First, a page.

The phenomenon “summer slide”, or summer learning loss, refers to the tendency for students, especially those from low-income families, to lose some of the academic skills gained during the previous school year due to lack of exposure to educational activities during the summer. This is because a student’s exposure to educational activities is often not as rigorous after the school year ends. New York Junior Tennis & Learning (NYJTL)’s ACES Afterschool Program (ACES) works actively to create an enriching and productive summer experience to prevent loss of learning, especially amongst under-resourced communities.
In partnership with the NYC Department of Education and Department of Youth and Community Development, ACES has stepped up for a second year to support Summer Rising, which aims to spark curiosity, joy, and love of learning during the critical summer months. Starting on July 5, NYJTL will combine academic support and school-based enrichment programming to provide daily opportunities for students across the city to play, create, explore, and develop new interests. Summer Rising makes summer learning and academic resources available and accessible, which is especially critical for the underserved youth that NYJTL serves through the ACES program.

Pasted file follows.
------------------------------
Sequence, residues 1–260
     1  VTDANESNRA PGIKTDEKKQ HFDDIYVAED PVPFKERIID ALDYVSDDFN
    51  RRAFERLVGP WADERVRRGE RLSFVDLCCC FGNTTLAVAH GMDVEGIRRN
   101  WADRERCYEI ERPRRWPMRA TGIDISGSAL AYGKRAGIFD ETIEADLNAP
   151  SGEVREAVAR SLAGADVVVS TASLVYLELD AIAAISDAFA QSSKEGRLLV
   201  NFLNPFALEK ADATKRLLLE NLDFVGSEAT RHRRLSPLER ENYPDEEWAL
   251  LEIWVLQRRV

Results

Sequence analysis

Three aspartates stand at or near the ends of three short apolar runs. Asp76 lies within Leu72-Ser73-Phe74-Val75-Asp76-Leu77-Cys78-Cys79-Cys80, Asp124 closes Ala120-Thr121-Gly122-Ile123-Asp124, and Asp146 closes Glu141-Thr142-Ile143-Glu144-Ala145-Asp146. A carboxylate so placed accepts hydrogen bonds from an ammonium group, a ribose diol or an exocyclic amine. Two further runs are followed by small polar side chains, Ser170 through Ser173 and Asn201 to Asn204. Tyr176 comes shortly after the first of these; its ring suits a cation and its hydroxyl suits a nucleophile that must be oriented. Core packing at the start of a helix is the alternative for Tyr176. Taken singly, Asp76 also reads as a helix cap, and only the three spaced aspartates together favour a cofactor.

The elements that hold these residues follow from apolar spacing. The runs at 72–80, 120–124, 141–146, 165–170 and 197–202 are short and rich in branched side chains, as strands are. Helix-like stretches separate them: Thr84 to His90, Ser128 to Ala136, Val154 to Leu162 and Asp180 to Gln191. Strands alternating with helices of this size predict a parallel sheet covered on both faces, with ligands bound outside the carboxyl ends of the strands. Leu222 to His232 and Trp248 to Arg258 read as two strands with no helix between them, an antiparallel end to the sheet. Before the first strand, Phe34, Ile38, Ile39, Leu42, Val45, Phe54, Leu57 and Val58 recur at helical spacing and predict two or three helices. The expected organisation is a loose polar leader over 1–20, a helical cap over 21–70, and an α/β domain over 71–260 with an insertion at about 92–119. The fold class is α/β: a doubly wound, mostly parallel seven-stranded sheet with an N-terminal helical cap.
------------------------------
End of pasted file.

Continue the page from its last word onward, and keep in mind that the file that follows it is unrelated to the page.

“We are excited to bridge the gap in learning to ensure our youth continue to succeed throughout all twelve months,” says NYJTL President & CEO, Udai Tambar. “Supporting City Hall’s Summer Rising initiative through NYJTL’s ACES Afterschool Program ensures that our youth have access to resources they otherwise may not have during this crucial time and build on their skills ahead of the next school year.”
This joins a number of other initiatives and programming implemented to counter the effects of summer slide. Earlier this month, all ACES Afterschool participants received summer kits that consist of a beach towel, interactive games such as Jenga and UNO, lip balm, and a book. These kits provide and inspire easy, enriching, and fun activities for NYJTL youth and their families over the summer. Additionally, in September ACES will celebrate Banned Book Week, an annual awareness campaign that celebrates the freedom to read. As part of this, all eighth-grade participants will receive copies of books that have been banned.
NYJTL continues to provide resources and increase accessibility to combat the tendency of summer slide, especially among low-income families, to ensure that our children succeed on and off the court, year-round.